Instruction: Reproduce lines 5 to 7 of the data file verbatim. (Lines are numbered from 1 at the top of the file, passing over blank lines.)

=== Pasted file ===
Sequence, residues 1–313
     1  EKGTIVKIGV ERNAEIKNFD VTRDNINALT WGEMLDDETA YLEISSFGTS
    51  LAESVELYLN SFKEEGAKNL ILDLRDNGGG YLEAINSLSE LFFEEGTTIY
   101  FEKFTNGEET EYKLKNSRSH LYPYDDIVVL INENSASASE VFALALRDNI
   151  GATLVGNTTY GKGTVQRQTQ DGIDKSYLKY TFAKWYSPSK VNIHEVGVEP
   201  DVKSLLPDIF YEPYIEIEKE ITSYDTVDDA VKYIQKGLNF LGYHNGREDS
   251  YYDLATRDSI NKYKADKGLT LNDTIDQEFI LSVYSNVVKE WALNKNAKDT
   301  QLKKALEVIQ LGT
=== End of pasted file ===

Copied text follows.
   151  GATLVGNTTY GKGTVQRQTQ DGIDKSYLKY TFAKWYSPSK VNIHEVGVEP
   201  DVKSLLPDIF YEPYIEIEKE ITSYDTVDDA VKYIQKGLNF LGYHNGREDS
   251  YYDLATRDSI NKYKADKGLT LNDTIDQEFI LSVYSNVVKE WALNKNAKDT